Few are better qualified to blow the lid off the American barbecue experience than Atlanta chef, restaurateur, speaker, and cookbook author Kevin Gillespie, a guy who titled his first cookbook “Fire In My Belly.” Beginning Thursday, Gillespie has joined founder Stebin Horne and his business partner, Stewart Vernon, as owners of the brand new, innovative KUDU Safari Braai outdoor live fire-cooking system. The KUDU is a multifunctional grill, griddle and fire pit combined; a heavy gauge steel dream come true for backyard fire enthusiasts.
“I love cooking over live fire,” Gillespie says. “With the KUDU, you are cooking without a lid and regulating the heat by creating distance from the heat source. You can cook on multiple surfaces simultaneously. From a culinary standpoint, I have yet to discover something I can’t do on it!”
A few months ago, Kevin was introduced to KUDU creator Stebin Horne and the two entrepreneurs immediately bonded over barbeque. Horne explained that after spending six months with his South African-born wife in her native country, he learned firsthand the communal cooking technique called braai. Local farmers weld a cooktop to their old disc ploughs to cook for friends and family in the backyard. Returning home inspired, Horne, a University of Georgia and Mercer Law graduate, was awarded a fellowship from the Mercer Innovation Center to introduce the cooking concept in the United States. After partnering with Vernon, Horne’s dream came alive.
“Stebin had a great idea and brought it to life,” says Gillespie. “Then Stewart stepped in and made it even bigger. They realized that they needed an expert in the grilling arena. That provided me with the opportunity to join up with this Georgia-based company and help create my ultimate cooking system.”
“We began with a $75,000 Kickstarter campaign,” adds Horne. “We raised that money and then exceeded the goal, thanks to the enthusiastic grilling community we reached. Our first supporters have already received their KUDUs and are raving on social media and in notes to us!
Horne, Gillespie, and the KUDU team will use their access to Mercer’s engineering students and faculty to create new add-on accessories for the grill so patio chefs can fry, boil, steam and roast their favorite foods as well.
“Being part of the creative evolution of this product really appeals to the engineering nerd in me,” says Gillespie. “The users and the developers will be on the journey together. As novice cooks become more skilled on the KUDU, they can simply add on to their existing grill without trading it in for a new one.”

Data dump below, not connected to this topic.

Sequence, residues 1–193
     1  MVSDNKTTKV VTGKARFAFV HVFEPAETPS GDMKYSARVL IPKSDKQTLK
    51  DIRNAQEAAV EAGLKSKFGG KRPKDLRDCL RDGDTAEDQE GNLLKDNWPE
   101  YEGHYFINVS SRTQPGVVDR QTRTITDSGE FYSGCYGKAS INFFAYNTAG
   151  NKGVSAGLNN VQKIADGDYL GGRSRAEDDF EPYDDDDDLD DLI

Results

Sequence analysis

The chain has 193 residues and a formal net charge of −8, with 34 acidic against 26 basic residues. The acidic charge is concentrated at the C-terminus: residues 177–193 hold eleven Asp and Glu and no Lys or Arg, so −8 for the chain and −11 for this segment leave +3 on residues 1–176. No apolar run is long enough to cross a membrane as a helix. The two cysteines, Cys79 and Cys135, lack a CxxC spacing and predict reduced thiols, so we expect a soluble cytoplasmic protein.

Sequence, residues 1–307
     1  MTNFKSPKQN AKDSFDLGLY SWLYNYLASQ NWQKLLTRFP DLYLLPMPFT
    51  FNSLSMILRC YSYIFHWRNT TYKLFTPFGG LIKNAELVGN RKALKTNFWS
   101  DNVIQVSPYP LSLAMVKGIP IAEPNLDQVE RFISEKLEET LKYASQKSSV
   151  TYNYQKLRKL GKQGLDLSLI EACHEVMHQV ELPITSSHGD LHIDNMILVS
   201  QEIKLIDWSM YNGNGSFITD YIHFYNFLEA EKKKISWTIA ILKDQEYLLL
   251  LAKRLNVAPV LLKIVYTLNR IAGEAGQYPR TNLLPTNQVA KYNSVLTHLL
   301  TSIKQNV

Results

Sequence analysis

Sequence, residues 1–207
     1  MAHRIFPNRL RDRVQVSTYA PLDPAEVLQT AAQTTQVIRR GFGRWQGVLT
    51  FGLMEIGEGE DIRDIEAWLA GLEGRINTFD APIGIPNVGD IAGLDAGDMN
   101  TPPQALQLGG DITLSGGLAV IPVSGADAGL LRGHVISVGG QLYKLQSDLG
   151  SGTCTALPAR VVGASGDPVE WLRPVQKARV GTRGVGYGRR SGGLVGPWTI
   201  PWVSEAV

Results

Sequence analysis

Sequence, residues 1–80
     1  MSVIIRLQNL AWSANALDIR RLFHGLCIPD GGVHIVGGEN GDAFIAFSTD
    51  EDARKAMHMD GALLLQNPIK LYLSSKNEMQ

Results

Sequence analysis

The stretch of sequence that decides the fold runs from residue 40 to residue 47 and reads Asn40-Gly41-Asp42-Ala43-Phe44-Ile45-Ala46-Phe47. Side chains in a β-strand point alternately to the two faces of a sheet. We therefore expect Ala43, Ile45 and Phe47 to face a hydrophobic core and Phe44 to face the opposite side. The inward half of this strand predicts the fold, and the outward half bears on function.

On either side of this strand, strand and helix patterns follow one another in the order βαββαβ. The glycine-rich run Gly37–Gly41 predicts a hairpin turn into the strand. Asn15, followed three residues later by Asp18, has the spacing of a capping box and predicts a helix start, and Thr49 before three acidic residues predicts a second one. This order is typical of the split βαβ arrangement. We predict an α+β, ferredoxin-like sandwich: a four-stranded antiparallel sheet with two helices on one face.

Made of heavy gauge steel, high-temp powder coating and stainless steel fasteners, the KUDU is designed to last a lifetime. While similar professional grade wood-burning grills can cost as much as $5,000, the KUDU is being introduced at the affordable price of $750.
For Gillespie, a guy who created a backyard beer garden called Communion, inviting your friends to be a part of the grilling fun was a huge selling point. “As fast as it is, the KUDU will never cook your food as fast as a gas grill, and that’s the point,” he says. “Sometimes the journey—that time spent with your family and loved ones—is more important than the destination.”
The KUDU experience will include a tremendous amount of online content, such as videos of Gillespie showing everything from initial setup to firing up as many as six cooking surfaces on the grill simultaneously before transforming it into a late-night fire pit for guests. There will be tutorials, recipes, KUDU accessories and gear, along with an interactive KUDU Nation to provide consumers a place to interact with other KUDU users.”
“At first glance, the KUDU can look a little intimidating,” Gillespie says, laughing. “This is definitely not for the set-it-and-forget-it home cook. This is for a patio griller who wants to enjoy that cinder smoke, the scent of wafting wood burning across your backyard and how that results in a phenomenal flavor profile. I don’t put my name on a lot of products, but I’m proud to attach my name to the KUDU.”
News and information presented in this release has not been corroborated by FSR, Food News Media, or Journalistic, Inc.